Friday, September 10, 2010


Lice is one of those things I always dreaded. While I kind of enjoyed the school nurse combing through my hair during lice checks, I was always grateful when she didn’t find anything. I made it through an entire public school education without ever catching lice. I’ve slept in primitive conditions and played with kids whose mothers handpicked lice from their hair. Yet I continued to avoid it. I thought perhaps we’d run the risk again when River entered school. But not now.

Just when I least expected it, I got my first introduction to lice.

I noticed I was itching my scalp during the past day or two. But unlike dandruff, there was nothing flaking off. I looked in the mirror, but didn’t see anything. It became annoying enough at work that I googled “itchy scalp.” I planned to ask Mark to take a look at my scalp when I got home.

Upon arriving home, River sat in my lap and I happened to notice small brown marks in his part. I was told that they wouldn’t go away, even after shampooing, and that he’d been itching his scalp all day. I looked closely, and one seemed to move. Then I googled what lice look like (the internet is a wonderful tool) and I believed I made the match.

I called the pediatrician, who recommended the following treatment for both of us:

-Purchase anti-lice shampoo – we got RID – and follow instructions

-Purchase green Palmolive dish soap. After washing with the RID, wash with the Palmolive, which suffocates them.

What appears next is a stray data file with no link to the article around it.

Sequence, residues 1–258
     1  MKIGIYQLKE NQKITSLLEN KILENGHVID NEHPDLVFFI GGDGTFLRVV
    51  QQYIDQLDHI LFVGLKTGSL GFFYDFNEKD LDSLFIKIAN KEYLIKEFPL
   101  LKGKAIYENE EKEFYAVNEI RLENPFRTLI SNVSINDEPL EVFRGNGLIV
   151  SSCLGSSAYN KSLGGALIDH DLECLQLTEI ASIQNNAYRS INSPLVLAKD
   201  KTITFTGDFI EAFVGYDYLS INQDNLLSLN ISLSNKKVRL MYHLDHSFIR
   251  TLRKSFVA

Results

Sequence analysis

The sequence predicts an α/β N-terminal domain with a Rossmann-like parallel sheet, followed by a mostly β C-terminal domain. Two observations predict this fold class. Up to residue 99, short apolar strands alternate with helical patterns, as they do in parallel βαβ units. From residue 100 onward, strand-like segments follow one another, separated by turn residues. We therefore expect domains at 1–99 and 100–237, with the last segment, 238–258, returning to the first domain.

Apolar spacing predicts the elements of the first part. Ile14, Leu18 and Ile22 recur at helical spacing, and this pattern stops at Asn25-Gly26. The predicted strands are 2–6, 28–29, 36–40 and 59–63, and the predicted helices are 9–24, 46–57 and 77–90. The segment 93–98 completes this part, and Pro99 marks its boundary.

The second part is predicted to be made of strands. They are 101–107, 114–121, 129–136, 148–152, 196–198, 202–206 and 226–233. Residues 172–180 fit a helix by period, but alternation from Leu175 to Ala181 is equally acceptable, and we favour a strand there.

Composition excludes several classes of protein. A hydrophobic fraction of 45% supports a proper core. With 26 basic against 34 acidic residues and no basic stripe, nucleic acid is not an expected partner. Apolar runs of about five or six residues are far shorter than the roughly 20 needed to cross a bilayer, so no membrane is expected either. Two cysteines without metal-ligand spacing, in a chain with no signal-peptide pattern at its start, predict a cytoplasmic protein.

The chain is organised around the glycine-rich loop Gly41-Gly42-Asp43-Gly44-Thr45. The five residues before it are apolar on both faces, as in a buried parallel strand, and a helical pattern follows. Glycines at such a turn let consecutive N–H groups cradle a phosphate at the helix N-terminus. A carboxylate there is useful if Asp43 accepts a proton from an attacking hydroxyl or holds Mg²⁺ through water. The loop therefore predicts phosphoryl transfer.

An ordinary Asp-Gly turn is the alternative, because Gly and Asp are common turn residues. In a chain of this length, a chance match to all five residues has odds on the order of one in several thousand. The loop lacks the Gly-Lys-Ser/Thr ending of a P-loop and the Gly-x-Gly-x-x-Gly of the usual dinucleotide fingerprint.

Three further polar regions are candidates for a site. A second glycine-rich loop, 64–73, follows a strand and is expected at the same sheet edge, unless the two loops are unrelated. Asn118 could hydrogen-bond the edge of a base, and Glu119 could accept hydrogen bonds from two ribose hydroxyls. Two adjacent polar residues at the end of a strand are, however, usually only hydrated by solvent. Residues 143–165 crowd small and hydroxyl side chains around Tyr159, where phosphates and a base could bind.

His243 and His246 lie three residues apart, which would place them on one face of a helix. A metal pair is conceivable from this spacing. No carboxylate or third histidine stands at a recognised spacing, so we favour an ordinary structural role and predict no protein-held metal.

The RID instruction emphasized precise delousing after shampooing. The doctor seemed to think the Palmolive was more important. We did all of the above, but it was so hard to get the nits out of baby fine hair that I’m sure I left many. I plan to apply the Palmolive again within the next few days and to do another RID treatment in 7-10, after any remaining nits have hatched.

So, after having a friend over for dinner, we spent a fun Friday evening shampooing, delousing, putting all clothing and linens that we’ve touched in the past 48 hours into bins to wash in hot water and spraying the things we couldn’t wash. Mark was concerned about all the pesticides. Normally I’d be concerned too. But I was more concerned about live insects procreating on my head and my child’s head. Getting rid of them ASAP was my prime concern. Luckily, my case seems to be a more minor case than River’s.

At first I thought we might have caught the lice from our hotel stay last weekend. But upon reading that nits take 7-10 days to hatch, and another 7-10 days to become adults and lay eggs, and realizing that River’s case was more advanced than mine, my guess is that he picked it up at the large family gathering while I was in Vermont. I’m thinking he may have received it from his cousin, who gave him a hat that River is fond of and has been wearing frequently since late August.

It’s gross, really gross, to pull a live bug off of your child’s scalp. Or to comb through your own hair and wipe dead insects onto a Kleenex. But it’s just one more of those things that you steel yourself to get through, because as a parent, you have no choice.

If anyone has tips on how to make sure we really get rid of this batch, and prevent future reinfestations, please share!

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